By Tim Hearden
Amid what’s shaping up to be one of California’s wettest winters on record, the State Water Project on Jan. 18 upped its anticipated deliveries to at least 60 percent of requested supplies.
The boost from 45 percent is the Department of Water Resources’ second allocation increase in less than a month, and it comes as many of its gauges in the Central Valley have recorded twice the normal rainfall for this time of year.
Still, department spokesman Doug Carlson said it’s too soon to know whether the project’s 29 contracting agencies will get their full allocations for the first time since 2006.
“We still have a ways to go,” he said. “The winter could turn off the spigot as quickly as it turned on. We’ll just have to continue to monitor and assess whether this is a good, wet year.”
It has been so far, he said. In fact, precipitation totals at more than a dozen California Data Exchange Center stations from the northern Sierra Nevada to the San Joaquin Valley are trending higher than at this point in 1982-83, the state’s wettest year on record.
“That just jumps off the page at you,” Carlson said.
The latest allocation increase follows the DWR’s announcement on Dec. 21 it would deliver at least 45 percent of requested deliveries, up from its 20 percent initial allocation in late November.
Under the current allocation, SWP contractors would receive more than 2.5 million acre-feet of the 4.17 million acre-feet they collectively sought. An acre-foot is enough water to supply two typical households for a year.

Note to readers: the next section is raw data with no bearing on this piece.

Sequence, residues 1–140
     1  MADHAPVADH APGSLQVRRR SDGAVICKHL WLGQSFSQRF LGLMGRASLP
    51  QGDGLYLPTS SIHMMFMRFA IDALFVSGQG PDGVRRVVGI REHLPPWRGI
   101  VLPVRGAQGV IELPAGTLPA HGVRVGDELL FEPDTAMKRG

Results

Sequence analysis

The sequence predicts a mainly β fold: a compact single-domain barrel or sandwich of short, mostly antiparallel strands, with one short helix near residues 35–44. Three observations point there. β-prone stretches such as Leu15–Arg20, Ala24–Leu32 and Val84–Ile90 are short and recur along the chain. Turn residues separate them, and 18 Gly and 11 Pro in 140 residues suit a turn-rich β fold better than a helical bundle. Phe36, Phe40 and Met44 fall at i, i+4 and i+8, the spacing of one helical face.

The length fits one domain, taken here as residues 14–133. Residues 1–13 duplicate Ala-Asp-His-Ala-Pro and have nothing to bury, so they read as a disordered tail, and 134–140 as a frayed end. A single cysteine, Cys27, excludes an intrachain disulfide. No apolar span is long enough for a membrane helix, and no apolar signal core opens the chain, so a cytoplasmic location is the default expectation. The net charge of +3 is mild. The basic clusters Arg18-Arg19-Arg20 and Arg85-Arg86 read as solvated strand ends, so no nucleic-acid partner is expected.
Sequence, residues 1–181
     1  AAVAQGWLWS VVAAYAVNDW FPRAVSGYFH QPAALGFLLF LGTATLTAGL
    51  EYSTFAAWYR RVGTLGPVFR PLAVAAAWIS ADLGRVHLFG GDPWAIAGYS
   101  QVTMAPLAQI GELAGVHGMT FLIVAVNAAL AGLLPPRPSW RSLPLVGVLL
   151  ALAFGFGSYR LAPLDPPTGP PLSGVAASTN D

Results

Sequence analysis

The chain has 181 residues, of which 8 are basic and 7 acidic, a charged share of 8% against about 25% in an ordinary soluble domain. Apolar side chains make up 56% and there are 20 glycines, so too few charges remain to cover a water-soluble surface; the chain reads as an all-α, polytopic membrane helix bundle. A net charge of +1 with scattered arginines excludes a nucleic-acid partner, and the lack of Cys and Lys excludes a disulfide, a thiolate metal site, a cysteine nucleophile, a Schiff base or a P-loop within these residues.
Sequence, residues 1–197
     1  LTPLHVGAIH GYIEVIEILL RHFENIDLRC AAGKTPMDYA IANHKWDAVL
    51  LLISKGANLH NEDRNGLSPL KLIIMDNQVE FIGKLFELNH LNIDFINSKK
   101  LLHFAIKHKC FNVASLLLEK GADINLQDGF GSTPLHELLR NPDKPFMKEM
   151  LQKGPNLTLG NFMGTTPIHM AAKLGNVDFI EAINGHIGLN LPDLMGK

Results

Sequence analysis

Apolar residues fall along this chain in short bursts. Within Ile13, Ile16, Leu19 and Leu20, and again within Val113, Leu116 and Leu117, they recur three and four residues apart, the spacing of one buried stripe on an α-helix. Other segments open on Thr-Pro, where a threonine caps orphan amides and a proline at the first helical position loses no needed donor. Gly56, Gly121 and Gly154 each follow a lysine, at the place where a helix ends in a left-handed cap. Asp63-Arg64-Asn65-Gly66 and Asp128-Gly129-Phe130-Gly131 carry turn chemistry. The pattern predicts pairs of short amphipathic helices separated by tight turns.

Reservoirs have risen to the point that water officials have had to make releases to make room for more storms and spring runoff, raising levels of the Sacramento River and other rivers to near their banks.
As of Jan. 18, Lake Oroville, the SWP’s principal reservoir, was holding 79 percent of its capacity and 125 percent of its historical average for the date. Shasta Lake, the federal Central Valley Project’s largest reservoir, was at 80 percent of capacity and 123 percent of normal for the date.
California’s snow water content statewide was 151 percent of normal on Jan. 18 and 183 percent of normal in the southern Sierra, according to the DWR.
The latest allocation means that contractors will likely get at least as much water as they did last season, when a 60 percent final allocation was given. Contractors received 65 percent in 2012 and 80 percent in 2011.
Water officials say a 100 percent allocation is difficult to achieve even in wet years because of Sacramento-San Joaquin River Delta pumping restrictions to protect imperiled fish.
The U.S. Bureau of Reclamation typically makes its first allocation of CVP water in mid-February, though last season’s was on April 1.